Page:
During talks with Twitter, Facebook and RIM today in response to the riots earlier this month, the UK government backed down on plans to block social networks should another riot occur.
The Guardian reports that the representatives from Twitter, Facebook and RIM, along with the UK Home Secretary Theresa May, agreed early in the meeting that banning social networks during periods of civil unrest would be unwise.
The notion that the government might ban social networks arose when David Cameron said that his government would “do whatever it takes” to prevent future riots from occurring.
The remainder of the one-hour meeting dealt with how law enforcement can more effectively use social networks during emergencies as well as day-to-day operations.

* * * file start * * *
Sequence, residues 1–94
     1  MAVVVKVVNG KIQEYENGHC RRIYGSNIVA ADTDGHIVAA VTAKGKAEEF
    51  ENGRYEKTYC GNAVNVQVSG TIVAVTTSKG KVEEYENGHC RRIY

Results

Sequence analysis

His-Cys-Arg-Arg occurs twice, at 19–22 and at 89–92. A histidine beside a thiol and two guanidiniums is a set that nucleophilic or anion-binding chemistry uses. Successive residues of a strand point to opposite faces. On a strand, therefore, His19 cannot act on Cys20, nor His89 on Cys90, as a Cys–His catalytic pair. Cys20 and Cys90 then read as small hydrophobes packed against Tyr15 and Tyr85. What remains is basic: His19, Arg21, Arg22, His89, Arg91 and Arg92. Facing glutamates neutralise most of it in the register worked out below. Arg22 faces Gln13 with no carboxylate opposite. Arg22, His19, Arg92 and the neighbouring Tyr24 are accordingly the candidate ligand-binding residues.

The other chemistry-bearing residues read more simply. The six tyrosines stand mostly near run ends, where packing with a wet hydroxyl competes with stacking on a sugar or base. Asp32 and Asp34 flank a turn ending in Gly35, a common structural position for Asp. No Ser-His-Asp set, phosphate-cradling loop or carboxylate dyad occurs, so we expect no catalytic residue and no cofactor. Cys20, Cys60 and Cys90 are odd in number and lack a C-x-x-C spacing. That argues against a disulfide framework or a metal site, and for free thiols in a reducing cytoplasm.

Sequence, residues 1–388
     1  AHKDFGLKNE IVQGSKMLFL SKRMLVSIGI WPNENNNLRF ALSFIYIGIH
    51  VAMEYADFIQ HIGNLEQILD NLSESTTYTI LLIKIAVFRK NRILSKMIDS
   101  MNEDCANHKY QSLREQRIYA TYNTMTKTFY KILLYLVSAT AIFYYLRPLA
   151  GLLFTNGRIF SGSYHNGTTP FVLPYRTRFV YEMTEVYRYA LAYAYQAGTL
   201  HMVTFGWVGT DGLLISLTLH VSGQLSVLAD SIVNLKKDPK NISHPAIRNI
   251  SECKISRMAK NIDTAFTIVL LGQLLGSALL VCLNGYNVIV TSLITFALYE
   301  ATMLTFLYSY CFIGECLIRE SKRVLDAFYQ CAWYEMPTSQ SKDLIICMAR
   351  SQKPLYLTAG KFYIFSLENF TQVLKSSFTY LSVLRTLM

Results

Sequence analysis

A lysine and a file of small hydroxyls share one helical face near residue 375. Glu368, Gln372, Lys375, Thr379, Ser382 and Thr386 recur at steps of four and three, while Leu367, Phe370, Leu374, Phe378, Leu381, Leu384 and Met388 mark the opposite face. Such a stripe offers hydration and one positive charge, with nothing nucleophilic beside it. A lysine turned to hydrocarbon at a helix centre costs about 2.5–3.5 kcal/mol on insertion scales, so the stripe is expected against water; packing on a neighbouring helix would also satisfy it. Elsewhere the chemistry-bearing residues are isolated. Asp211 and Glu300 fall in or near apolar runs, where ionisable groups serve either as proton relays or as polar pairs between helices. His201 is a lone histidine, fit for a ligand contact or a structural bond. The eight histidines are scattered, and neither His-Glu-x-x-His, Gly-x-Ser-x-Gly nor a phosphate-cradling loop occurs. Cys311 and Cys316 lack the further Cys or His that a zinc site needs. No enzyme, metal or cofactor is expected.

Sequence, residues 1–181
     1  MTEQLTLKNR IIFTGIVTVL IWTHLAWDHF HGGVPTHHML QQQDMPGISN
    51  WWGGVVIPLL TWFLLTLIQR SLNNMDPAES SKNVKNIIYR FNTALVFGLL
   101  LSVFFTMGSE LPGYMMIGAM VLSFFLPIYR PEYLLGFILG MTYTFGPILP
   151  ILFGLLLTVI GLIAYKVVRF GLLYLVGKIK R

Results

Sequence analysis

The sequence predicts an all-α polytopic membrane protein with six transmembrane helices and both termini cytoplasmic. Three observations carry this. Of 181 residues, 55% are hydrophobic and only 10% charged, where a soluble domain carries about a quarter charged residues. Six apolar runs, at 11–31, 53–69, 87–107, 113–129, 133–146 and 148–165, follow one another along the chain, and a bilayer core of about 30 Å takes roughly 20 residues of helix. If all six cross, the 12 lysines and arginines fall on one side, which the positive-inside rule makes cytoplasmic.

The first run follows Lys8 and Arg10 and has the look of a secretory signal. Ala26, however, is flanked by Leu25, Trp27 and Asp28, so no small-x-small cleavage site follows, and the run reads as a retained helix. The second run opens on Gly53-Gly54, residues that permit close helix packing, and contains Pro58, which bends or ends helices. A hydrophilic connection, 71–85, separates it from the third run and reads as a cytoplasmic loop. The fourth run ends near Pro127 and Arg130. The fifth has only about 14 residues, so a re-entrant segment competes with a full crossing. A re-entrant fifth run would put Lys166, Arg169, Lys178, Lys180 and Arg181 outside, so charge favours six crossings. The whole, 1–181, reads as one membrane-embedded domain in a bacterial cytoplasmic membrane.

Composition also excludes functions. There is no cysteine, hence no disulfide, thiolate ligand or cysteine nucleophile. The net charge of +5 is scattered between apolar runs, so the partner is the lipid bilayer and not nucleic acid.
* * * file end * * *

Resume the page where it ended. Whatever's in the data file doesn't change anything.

The UK government released a statement about the meeting:
“The discussions looked at how law enforcement and the networks can build on the existing relationships and co-operation to prevent the networks being used for criminal behaviour.”
A spokesperson from Twitter released a statement prior to the meeting, discussing Twitter’s role during emergencies:
“We’ve heard from many that Twitter is an effective way to distribute crucial updates and dispel rumours in times of crisis or emergency.
People also use Twitter as the first place to get information, monitor quickly changing events in real-time, and connect with friends, family and their communities.
“We are always interested in exploring how we can make Twitter even more helpful and relevant during times of critical need.”
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